SOIL HEALTH THE KEY TO REDUCED FERTILISER RATES
CHRIS O’KANE ON CHANGES TO FARM PRACTICES
30 MARCH 2021
When it comes to soil, the O’Kane brothers like theirs as soft and crumbly as cottage cheese.
It’s a strictly gorgonzola-free zone at Chris and Michael’s sugarcane farm where four years of new practices – from mixed species fallow crops to biofertiliser, minimum tillage and mound planting – are changing the soil’s structure and its crop-growing potential.
Cheese references have become technical terms these days for an ever-increasing number of farmers who are just as focused on what’s happening underneath the earth as what’s growing up above it.
The O’Kanes have reduced their artificial fertiliser rates by more than 30 per cent as a result – dropping from 156kg to 108kg of nitrogen per hectare with minimal impacts on their crops or production levels.
“We’ve done our homework – we’re not scared of trying new things but we don’t rush in either,’’ Chris said. “If we believe something’s going to work, we’re up for giving it a go.”
The third-generation cane farmers are embarking on another big change this season, forming mound rows for fallow crops that will become long-term cane rows. It’s all about reducing soil compaction.
“Traditionally at planting time we would cultivate the whole paddock by discing, ripping and rotary-hoeing,’’ Chris said.
“This year we will be moving to zonal cultivation using one implement, a bed renovator, to prepare the bed only where the cane set is to go.
“With the help and guidance of farmers in the Ingham district we are modifying our billet planter into a mound planter. So once planted, the paddock is finished as far as cultivating. There is no more filling in to get the right ground profile for the harvester.”
Chris said learning from growers in other districts had removed any concerns about potential issues like reduced cane strike rates, stool tippage and loss in production.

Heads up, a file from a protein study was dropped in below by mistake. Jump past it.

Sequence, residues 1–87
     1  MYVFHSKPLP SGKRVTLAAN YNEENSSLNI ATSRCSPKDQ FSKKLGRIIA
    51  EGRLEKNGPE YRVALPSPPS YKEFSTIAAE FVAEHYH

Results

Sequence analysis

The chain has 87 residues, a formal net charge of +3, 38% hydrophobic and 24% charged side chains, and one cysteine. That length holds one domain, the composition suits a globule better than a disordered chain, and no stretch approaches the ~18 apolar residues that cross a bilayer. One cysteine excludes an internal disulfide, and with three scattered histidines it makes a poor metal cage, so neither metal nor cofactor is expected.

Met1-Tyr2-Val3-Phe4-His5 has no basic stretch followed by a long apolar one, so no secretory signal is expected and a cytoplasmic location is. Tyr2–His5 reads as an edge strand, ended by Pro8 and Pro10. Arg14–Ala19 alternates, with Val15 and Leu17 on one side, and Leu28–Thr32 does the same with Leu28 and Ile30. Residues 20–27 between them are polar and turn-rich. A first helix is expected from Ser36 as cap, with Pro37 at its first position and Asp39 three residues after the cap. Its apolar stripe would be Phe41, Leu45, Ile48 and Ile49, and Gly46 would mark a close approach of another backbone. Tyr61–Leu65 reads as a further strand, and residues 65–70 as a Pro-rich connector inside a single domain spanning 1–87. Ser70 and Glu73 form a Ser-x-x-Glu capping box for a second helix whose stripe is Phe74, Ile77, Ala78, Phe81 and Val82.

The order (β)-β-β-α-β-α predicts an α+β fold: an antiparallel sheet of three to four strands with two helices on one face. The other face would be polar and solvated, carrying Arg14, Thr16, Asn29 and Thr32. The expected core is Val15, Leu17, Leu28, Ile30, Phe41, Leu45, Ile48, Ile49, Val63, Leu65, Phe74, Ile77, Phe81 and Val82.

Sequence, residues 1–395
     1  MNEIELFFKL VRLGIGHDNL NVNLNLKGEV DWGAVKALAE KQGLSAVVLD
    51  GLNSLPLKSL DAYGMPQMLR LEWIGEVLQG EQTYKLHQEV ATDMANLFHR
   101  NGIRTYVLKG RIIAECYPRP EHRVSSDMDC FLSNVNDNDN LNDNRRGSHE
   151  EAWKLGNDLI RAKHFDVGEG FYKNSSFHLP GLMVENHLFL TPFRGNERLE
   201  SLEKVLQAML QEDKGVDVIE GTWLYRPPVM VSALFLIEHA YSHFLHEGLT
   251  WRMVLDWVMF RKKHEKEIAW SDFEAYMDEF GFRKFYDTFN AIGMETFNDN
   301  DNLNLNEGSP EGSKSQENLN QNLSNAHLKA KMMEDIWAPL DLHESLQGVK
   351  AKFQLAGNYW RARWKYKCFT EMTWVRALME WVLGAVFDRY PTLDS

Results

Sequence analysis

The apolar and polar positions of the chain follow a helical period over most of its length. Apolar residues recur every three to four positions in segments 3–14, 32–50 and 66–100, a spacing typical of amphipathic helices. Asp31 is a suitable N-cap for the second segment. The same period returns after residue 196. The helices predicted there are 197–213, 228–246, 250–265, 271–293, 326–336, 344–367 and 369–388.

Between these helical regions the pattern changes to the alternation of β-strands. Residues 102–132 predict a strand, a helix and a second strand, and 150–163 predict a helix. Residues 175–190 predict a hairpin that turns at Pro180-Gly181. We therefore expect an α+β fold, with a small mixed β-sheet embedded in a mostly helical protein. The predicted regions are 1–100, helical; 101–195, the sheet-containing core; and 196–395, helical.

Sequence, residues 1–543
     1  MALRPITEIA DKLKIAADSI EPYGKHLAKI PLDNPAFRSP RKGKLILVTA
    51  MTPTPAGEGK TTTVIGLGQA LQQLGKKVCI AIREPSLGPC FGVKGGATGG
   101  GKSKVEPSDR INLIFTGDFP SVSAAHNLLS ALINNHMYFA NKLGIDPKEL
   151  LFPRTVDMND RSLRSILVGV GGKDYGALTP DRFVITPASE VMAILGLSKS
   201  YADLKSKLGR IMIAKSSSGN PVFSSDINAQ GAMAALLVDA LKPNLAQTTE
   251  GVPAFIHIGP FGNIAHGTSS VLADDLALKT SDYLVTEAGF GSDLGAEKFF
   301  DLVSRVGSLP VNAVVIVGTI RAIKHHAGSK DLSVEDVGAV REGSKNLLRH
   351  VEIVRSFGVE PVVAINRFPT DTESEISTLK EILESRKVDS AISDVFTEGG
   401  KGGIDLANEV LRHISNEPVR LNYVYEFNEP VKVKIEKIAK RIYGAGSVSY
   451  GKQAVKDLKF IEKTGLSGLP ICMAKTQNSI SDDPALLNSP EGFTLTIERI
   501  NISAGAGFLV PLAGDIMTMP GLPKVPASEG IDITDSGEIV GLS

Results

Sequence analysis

Learning from others about biofertilisers has also helped.
“Once you’ve been shown, it’s pretty easy to catch on – we’ve been brewing for four years now,’’ he said. “We apply bioferts to each paddock twice a year, spraying nine rows at a time with a mixture of effective micro-organisms and trace elements. It’s a recipe we were given. We need 20,000 litres for the farm – it takes about three days to make 10,000 litres but the beauty of it is it stores well so it can be made when there is time.”
The O’Kanes were among 39 Wet Tropics growers to take advantage of the Australian Government’s Reef Trust IV tender program, delivered through natural resource management organisation Terrain NRM. The program is helping to finance changes reducing fertiliser use on these farms, and potentially on other farms in the future.
Chris says he and Michael are also fine-tuning their fallow crops.
“Dad always planted bean varieties but that usually consisted of one type of legume,’’ he said. “We’ve moved to a mixture of soya bean, cow pea, lab lab, sunflower and this year also sun hemp.
“We’re aiming to increase our organic matter and improve our soil structure more than anything. We saw the results almost straight away with soil structure – the soil crumbles in your hand – and we’re noticing that maybe ratoons are lasting longer so we’ll keep watching that to see if it’s related.
“If there’s one message that’s ringing true, it’s that diversity above the ground gives you diversity under the ground. That’s what we’re aiming for. Some of our soil types don’t allow us to apply phosphorus so by using sunflowers for instance, it unlocks the phosphorus and makes it available for other plants.
“Hopefully, at the end of the day we’re reducing our inputs even further, saving time and money and leaving the land in a better condition.”